Micropoetry Monday: The Lighter Side

The Lighter Side

When Stuffed Shirt met Fancy Pants,
they realized they coordinated perfectly.
When they crossed the beaten path
with Mr. Overalls,
feeling like they were better than him
because he said y’all rather than
whatever the hell it was they said,
he, with his denim wisdom, told them
that at least he didn’t need no belt
to keep it all together.

When Brookie Crowney,
as part of her parole,
joined Chocoholics Anonymous
for chewing up BonBon Bailey’s candy ass,
the support group was forced
to change its name,
for Brookie just wouldn’t
shut the fudge up about it.

When Cursive met Print,
Print lamented about feeling disconnected,
to which Cursive replied,
“At least people understand you.”

Fiction Friday: Poetry Based on the Novel

Kath & Tony tampered with the sacred powers of procreation,
a sin that,
according to the Church,
was second only to murder,
for it dealt with life—
not just the premature creation of it,
but sometimes the destruction of it,
when that life was inconvenient.
Though Tony sheathed himself
like a knight in latex armor,
if a drop went through the eye of his needle,
he would be rich,
for he would have to marry Kath—
a woman who loved him for him
when no other woman ever would.

Talking to the Bishop about having sex with your boyfriend
was like inviting a stranger to watch.
Kath & Tony held off on confessing,
for what good was it to debase yourself,
only to sin again?
To get it out of their systems,
they christened the Church parking lot after hours,
their deeds hidden by the trees.
My blood had never run so hot for someone
that whenever I was around him,
I felt I would burst into flames.
Though I felt warmth when I was around Elder Roberts,
I did not burn;
he was more like a cold drink on a hot day.
Our love was pure;
it did not consume us.
Our passion would come after the commitment,
for that was lasting love.

The latter half of November
that year of my Mormon soldier
consisted of Leann tracting (or proselytizing),
or going on trade-offs with the sister missionaries,
& Kath and Tony seeing each other in secret.
Though Kath and Tony had made love,
she had yet to see him without his garments,
as some devout Mormon couples
never saw each other fully unclothed.
As for me and my house,
we served the Lord of the Mormon Church.

Logline for Because of Mindy Wiley An Irish-Catholic girl coming of age in the Deep South during the New Millennium finds her family splintered when two Mormon missionaries come to her door, their presence and promise unearthing long-buried family secrets, which lead to her excommunication and exile.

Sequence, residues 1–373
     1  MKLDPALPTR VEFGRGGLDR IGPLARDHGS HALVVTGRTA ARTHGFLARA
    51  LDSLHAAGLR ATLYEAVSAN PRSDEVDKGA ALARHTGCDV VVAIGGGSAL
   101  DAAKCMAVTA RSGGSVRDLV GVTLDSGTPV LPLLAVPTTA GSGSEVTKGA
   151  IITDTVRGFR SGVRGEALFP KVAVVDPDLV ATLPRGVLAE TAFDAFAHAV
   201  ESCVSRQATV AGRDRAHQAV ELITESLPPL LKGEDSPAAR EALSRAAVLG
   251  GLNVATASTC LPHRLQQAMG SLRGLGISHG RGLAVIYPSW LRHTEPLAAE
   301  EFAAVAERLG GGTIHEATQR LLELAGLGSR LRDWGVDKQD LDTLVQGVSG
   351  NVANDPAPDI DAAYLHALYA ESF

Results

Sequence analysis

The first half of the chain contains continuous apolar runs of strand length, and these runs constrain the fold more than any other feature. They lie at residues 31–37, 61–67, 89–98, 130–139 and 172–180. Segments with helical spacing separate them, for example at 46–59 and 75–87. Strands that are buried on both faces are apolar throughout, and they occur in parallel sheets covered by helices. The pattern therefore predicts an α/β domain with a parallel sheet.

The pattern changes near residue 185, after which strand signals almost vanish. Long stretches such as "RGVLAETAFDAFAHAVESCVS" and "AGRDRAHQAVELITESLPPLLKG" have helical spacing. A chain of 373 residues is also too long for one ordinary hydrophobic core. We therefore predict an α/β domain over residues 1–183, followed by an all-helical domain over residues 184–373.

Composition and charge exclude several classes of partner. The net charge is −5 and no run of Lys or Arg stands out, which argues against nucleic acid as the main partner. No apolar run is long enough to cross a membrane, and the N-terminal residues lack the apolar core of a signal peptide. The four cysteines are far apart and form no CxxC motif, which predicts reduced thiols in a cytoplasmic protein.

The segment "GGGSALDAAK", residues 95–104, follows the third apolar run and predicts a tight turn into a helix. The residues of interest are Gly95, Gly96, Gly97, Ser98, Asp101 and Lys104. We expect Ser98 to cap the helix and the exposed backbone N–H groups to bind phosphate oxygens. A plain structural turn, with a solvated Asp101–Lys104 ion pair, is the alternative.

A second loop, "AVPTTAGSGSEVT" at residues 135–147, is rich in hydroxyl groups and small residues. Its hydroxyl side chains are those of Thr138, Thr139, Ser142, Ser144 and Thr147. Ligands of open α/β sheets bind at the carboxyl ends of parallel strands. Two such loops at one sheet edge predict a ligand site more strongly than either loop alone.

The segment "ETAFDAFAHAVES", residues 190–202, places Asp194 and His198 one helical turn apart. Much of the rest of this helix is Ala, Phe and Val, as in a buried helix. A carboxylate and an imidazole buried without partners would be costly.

Micropoetry Monday: The Lighter Side

The Lighter Side

When Chad decided to double-cross
Dictionary & Thesaurus,
he, with the IQ of a boiled turnip,
was no match for Dictionary,
who didn’t just tell him what he was
but went so far as to spell it out
& use his name in a sentence
while Thesaurus,
who was fed up of being overused,
called him every name in the book.

Mr. Shaker worked in the salt mines,
Ms. Grinder, the pepper mill.
They endured a hardscrabble existence,
what with him being
a water retention expert
& she,
being blessed more times
than were sugar lumps
at tea time in Britain.
At a well-seasoned age,
they retired on a penny pension,
ready to spice up their world.
When they met over a bowl of grits a yo-yo,
they realized that they complemented
one another
perfectly.

When the Couch Potatoes decided
they needed a rebranding,
they juiced carrots daily,
trying to turn themselves into Sweet Potatoes,
which only made them ill,
so they marketed themselves
as gluten-free sofa spuds instead,
but took it too far when they made Bread
the enemy.

 

LifeTime

It was the child who wiled away the time
reading under a blanket with a flashlight
& the student who stole time from sleep
to study under fluorescent lights;
it was the unscrupulous sort who made time
with married women,
the couple who shared their time
as they shared their responsibilities,
& the returning soldier who tried to make up for lost time;
it was the patient who killed time waiting in recovery
& the amnesiac who lost time;
it was the disgruntled worker who stole time;
it was the blackmailer who set the time
& the person being blackmailed who tried
to buy some time;
it was the firefighter who raced against time,
the cop who got there in the nick of time,
& the prisoner who served time
or was awarded time served;
it was the saint who gave their limited time,
the sinner who took their sweet time,
& the martyr who sacrificed their time forever;
it was the millionaire who saved time
& the poor who spent time;
it was the keen who used their time wisely;
it was the photographer who captured time,
the writer who documented time,
& the historian who depicted a time;
it was the parent who invested their time,
the mother who made the time
like she made everything else—
with love—
& the father who found the time
that his father had given away;
it was the grandparents who passed the time,
even as time passed them;
and it was the lover of life who made the most of her time
by having the time of her life,
for she was the patient living on borrowed time.

Micropoetry Monday: Hymns of Motherhood

Hymns of Motherhood

The Shutterfly Edition

For her,
motherhood was spent
smacking tags on clothes in the store
& plush animals at home,
on spinning pennies
& Minnie Mouse by the tail,
on “crashing the checkers”
of Connect Four,
only for the tray to be filled up again